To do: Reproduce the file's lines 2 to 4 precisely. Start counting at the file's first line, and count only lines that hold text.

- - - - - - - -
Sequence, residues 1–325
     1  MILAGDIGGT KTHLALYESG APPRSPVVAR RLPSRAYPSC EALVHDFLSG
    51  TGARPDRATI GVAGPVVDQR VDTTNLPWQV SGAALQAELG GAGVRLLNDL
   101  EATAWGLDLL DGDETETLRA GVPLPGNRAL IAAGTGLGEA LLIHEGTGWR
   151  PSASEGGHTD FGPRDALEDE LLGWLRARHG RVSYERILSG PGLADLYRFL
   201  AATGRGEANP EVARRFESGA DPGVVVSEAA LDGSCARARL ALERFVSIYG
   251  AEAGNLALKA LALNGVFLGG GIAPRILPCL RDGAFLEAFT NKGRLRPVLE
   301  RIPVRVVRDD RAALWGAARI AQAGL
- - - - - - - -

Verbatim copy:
     1  MILAGDIGGT KTHLALYESG APPRSPVVAR RLPSRAYPSC EALVHDFLSG
    51  TGARPDRATI GVAGPVVDQR VDTTNLPWQV SGAALQAELG GAGVRLLNDL
   101  EATAWGLDLL DGDETETLRA GVPLPGNRAL IAAGTGLGEA LLIHEGTGWR